Monday, January 28, 2013

The User's Review: Minolta Hi-Matic AF 35 mm Camera, Released in 1979

Hi-Matic AF is the first model with auto-focus in Minolta Hi-Matic series. When Hi-Matic AF was in my hands, it reminded me Konica C35 AF, the first mass-produced AF camera.

Minolta Hi-Matic AF comes with a multi-coated Minolta Rokker 38 mm f2.8 lens and with ASA range of 25 - 400. The inboard flash has to be turned on manually. Other features include self-timer, focus lock, mental tripod socket and 2 AA batteries.

Like Konica C35 AF, Hi-Matic AF also takes 46 mm filter. On both models, the light eyes will be covered by the filter used. Therefore, the user does not need to worry about the auto-metering when using a filter. Both models have a dedicated lens cap. I should call them 'front masks' because they cover not only the lenses, but also the windows of rangefinders and focusing systems. The front mask on Minolta Hi-Matic AF even protects the shutter button from accident release. A good design is that the Hi-Matic AF bottom case has a hanging to keep the mask from missing.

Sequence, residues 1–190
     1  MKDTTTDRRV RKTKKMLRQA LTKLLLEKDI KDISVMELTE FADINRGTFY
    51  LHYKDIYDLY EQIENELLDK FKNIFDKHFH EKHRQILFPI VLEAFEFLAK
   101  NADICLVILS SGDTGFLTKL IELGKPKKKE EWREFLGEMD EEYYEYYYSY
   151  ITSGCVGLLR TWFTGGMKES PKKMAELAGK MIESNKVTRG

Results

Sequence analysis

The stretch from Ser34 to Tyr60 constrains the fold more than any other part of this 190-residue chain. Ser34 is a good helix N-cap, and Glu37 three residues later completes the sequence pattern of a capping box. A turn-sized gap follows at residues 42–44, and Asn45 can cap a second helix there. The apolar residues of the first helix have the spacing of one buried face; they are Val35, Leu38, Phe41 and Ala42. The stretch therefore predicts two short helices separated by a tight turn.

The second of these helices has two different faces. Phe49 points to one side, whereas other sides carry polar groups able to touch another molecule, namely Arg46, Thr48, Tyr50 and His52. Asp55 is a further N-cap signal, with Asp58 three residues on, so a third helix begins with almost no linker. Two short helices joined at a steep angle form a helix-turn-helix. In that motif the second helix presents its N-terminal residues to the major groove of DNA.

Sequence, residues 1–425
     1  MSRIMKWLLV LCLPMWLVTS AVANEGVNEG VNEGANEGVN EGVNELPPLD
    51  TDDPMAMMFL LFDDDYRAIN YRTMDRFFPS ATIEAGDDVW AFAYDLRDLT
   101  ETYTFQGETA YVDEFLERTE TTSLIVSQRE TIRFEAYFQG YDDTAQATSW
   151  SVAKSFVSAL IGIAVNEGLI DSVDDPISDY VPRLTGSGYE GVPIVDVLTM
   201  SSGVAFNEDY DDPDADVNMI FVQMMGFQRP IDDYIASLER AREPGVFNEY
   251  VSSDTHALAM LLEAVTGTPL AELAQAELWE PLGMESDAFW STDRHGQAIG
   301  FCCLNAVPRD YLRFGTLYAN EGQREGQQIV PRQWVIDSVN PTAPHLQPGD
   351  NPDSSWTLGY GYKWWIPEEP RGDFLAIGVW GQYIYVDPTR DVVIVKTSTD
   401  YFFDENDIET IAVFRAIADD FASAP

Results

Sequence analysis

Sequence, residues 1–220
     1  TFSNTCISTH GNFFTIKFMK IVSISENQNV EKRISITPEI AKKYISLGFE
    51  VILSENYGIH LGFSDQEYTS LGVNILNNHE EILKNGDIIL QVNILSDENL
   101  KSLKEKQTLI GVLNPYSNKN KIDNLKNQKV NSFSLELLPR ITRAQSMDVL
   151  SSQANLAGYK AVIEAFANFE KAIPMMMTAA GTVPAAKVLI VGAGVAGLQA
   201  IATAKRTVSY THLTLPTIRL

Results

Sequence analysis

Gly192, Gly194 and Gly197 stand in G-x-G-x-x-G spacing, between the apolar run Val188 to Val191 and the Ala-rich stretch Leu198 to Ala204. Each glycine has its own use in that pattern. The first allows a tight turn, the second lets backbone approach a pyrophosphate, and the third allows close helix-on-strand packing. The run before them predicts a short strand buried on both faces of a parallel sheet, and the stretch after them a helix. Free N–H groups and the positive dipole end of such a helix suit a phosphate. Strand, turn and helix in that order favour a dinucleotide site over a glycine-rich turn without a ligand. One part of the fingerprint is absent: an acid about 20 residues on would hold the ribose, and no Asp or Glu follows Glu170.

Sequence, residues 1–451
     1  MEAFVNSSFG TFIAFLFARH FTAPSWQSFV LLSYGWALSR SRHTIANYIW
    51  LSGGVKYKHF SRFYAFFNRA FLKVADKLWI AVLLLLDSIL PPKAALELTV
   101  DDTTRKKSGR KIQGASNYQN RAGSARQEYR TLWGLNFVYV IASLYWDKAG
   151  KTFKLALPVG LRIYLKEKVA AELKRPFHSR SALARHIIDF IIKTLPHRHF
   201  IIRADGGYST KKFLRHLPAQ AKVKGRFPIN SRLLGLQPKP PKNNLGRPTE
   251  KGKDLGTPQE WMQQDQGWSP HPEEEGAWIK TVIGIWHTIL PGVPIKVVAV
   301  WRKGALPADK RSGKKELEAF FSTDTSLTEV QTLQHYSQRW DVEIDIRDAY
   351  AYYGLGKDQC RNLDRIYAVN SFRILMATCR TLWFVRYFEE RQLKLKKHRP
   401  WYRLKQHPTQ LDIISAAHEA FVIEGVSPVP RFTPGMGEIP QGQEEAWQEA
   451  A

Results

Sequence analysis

Unlike Konica C35 AF, Hi-Matic AF can't accept a shutter release cable, but its self-timer may be more helpful in daily use.



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  4. Thanks. The question is about the main difference between Minolta Hi-Matic AF and AF2. Actually, there is a third one, Minolta Hi-Matic AF2-M. The M means 'motorized film advance'. The main difference between the AF and AF2 is the focus lock switch on AF and the focus-hold function on AF2, as I know.